Facebook Places is the talk of the web this week.  The friend finding site is now letting you literally find your friends wherever they may be with the new geolocating tool.

A cute video explaining how awesome it will be to have “serendipitous” moments with friends was posted.

And they even took a few shots at Foursquare with the Places icon.  (Look at the base of the stick pin – isn’t that a number 4 in a square?  Ouch.)

I admit I’m a little cynical when it comes to the geolocating apps.  I splashed in when they first launched and the novelty quickly faded.  For me, they’re more useful for tourists as opposed to chasing acquaintances (then again, I’m a father of 2, not a bar star).

Foursquare is most likely dead in the water with this latest Facebook feature.  The former leader in geolocating and social networking will be squashed by Zuck faster than Tom and all his friends on MySpaceFacebook is the internet for the vast majority of people – people who most likely have never even heard of Foursquare – and the stampeding herd of Farmvilling lemmings will plow right into this new feature without giving a blink.

And that’s the problem, because when it comes to privacy, Places is another face palm from Facebook.

Remember earlier this summer when Facebook did a mea culpa on their privacy settings?  Everything was supposed to be streamlined.  Settings were going to be easier to understand, privacy was going to simpler to protect – Facebook were going to be good guys.

Well, that lasted a few weeks anyway.

DotRights.org has a good discussion of some of the privacy issues that Facebook has left wide open with the initial release of Places.

It’s no secret the geolocating data will be used to better target ads to users, and the breadcrumb trail you leave with your daily check ins will be shared with advertisers.  It’s not just your friends that will know where you go, it will be the beer company, the restaurants, the dry cleaners.

The Vancouver Sun has already exposed that not only is Facebook Places a default option for people, but that people can tag you without your permission.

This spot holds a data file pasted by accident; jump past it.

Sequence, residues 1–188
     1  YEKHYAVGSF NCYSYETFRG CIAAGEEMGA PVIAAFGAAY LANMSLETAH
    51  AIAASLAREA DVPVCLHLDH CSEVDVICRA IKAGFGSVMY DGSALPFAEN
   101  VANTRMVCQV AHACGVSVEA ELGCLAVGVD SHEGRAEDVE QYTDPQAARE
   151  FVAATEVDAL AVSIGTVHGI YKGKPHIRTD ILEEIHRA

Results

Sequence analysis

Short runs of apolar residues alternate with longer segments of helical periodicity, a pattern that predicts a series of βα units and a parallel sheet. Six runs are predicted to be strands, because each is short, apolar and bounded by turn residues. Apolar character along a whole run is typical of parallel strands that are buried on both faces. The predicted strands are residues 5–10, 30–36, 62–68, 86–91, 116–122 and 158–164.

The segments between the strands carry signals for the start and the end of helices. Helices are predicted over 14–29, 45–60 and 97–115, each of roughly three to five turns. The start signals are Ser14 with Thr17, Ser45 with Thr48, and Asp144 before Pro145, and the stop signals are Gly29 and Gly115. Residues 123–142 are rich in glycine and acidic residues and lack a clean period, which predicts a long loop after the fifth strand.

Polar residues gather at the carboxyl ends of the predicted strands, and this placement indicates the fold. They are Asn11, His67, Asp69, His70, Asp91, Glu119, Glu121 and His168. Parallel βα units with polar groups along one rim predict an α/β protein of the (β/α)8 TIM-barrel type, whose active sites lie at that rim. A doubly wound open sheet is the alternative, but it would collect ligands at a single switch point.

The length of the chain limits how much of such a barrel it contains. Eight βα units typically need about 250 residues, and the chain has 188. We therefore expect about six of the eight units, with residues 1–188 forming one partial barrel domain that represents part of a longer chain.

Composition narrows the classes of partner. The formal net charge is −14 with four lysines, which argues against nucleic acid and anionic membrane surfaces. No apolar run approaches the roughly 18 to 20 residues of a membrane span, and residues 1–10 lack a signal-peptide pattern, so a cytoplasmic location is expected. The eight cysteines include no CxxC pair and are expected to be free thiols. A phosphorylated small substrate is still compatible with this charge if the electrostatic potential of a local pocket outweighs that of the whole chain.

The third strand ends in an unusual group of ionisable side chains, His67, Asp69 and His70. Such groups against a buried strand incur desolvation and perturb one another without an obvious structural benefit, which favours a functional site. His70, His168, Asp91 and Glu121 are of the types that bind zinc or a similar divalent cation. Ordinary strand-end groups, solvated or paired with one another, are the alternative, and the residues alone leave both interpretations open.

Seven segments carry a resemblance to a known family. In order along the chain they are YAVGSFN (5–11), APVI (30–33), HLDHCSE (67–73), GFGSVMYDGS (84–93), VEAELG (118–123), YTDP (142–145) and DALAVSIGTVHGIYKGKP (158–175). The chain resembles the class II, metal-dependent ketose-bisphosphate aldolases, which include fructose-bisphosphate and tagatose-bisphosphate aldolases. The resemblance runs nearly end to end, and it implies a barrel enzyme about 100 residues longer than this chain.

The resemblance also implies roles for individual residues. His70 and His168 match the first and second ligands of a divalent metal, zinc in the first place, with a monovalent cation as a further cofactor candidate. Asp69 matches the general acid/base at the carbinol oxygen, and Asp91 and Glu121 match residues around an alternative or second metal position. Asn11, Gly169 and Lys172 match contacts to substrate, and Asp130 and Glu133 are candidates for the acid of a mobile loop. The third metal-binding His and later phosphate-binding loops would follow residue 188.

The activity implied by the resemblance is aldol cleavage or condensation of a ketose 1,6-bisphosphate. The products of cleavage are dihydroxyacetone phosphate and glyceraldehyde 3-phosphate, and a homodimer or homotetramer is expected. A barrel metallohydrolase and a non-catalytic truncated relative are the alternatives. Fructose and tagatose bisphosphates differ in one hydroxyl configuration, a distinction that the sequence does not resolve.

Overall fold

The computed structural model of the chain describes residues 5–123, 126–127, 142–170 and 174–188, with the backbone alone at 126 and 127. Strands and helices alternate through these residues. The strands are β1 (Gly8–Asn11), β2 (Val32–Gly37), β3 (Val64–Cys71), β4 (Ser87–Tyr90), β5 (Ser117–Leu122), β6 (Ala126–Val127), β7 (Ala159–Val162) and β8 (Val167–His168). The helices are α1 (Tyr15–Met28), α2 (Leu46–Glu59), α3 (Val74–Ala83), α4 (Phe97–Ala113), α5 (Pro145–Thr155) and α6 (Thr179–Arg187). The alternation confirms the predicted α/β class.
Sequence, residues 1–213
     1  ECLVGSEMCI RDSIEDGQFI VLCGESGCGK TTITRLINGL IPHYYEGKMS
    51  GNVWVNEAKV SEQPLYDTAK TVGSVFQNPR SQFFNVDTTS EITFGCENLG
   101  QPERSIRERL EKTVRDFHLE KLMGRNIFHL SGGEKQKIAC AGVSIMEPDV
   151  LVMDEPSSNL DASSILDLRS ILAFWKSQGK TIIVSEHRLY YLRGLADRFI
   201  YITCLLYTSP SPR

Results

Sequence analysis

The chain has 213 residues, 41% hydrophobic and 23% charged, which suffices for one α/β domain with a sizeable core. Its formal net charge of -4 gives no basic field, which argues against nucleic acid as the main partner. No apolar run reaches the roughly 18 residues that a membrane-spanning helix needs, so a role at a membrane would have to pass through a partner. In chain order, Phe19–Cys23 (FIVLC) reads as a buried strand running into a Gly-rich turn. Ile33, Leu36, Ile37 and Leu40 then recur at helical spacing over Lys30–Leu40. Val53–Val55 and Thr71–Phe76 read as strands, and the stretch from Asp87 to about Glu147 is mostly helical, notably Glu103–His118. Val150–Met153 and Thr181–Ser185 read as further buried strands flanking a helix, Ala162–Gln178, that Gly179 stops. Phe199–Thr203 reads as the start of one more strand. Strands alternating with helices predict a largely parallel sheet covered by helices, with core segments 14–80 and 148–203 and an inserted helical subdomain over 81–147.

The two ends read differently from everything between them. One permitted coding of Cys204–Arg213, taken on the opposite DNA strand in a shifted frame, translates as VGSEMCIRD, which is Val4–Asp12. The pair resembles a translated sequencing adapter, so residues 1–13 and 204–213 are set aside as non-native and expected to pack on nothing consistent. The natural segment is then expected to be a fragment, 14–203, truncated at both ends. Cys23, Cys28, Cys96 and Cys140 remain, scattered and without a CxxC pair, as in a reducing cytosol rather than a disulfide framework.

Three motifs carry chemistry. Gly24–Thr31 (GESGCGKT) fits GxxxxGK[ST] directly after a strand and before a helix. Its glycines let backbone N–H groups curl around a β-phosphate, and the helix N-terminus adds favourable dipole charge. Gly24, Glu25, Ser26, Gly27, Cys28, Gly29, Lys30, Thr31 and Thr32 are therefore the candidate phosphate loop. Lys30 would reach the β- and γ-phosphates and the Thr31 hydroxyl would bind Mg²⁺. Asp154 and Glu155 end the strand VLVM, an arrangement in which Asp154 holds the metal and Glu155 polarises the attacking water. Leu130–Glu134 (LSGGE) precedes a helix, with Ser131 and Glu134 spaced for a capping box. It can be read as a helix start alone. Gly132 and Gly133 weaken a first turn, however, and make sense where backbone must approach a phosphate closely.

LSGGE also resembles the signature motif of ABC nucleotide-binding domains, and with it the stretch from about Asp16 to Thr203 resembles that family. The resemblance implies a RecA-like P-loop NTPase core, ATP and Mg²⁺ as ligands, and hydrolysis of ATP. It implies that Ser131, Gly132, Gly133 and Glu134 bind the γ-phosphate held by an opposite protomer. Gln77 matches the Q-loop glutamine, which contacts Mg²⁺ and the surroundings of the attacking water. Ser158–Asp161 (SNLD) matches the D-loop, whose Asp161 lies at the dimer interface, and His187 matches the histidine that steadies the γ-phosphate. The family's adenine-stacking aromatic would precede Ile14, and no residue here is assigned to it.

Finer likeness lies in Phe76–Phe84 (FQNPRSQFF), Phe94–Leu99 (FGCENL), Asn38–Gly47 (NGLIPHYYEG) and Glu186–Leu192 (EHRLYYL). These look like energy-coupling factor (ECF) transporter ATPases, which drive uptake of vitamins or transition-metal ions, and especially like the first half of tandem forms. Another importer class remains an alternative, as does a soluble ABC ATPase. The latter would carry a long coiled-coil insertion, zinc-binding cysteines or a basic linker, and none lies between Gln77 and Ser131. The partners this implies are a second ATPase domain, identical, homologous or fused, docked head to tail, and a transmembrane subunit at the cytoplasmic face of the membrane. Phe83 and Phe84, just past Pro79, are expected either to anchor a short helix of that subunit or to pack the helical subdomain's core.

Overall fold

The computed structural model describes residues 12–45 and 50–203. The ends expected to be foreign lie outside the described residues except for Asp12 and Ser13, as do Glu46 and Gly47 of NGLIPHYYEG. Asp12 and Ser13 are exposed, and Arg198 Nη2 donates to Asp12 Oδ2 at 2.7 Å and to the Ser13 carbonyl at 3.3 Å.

The big problem with Facebook Places is that many of the problems that could arise with privacy are default options.  If you don’t want people to tag you, if you want your checkins invisible, you have to manipulate that privacy menu tree to get things right.

Adjusting Check-In Visibility, Turning “Friend Check-Ins” and “Here Now” Off
  1. Go to your privacy settings page and select “customize settings.”
  2. Adjust your settings:
    1. To adjust who can see your check-ins, use the pulldown next to “Places I Check-In.”
    2. To disallow friend check-ins, disable the “Friends Can Check Me In To Places” option.
    3. To disable Here Now, uncheck the “Include me in ‘People Here Now’ after I check in” box.
Preventing Your Friends’ Apps From Receiving Your Places Info
  1. Go to your privacy settings page and select “edit my settings” under the “Applications and Websites” title.
  2. Select “edit settings” next to “info available through my friends.”
  3. Uncheck the “Places I’ve Been” box.
  4. [from DotRights.org]

(AllFacebook.com also has a great guide to privacy settings for the new Facebook Places)

The best news from all of this is that Places is still only available to US users (although you will see the icon in the updated Facebook App in Canada).  Facebook is slowly rolling out the service to subscribers – hopefully giving them time to fix the privacy issues.

What are your thoughts on geolocating apps? Did you find Foursquare useful? Are you eager for Facebook Places in Canada? Will you turn the default settings off?

catch the buzz … pass it on.

buzz bishop future shop tech blogThis post was originally published at The Future Shop Tech Blog.

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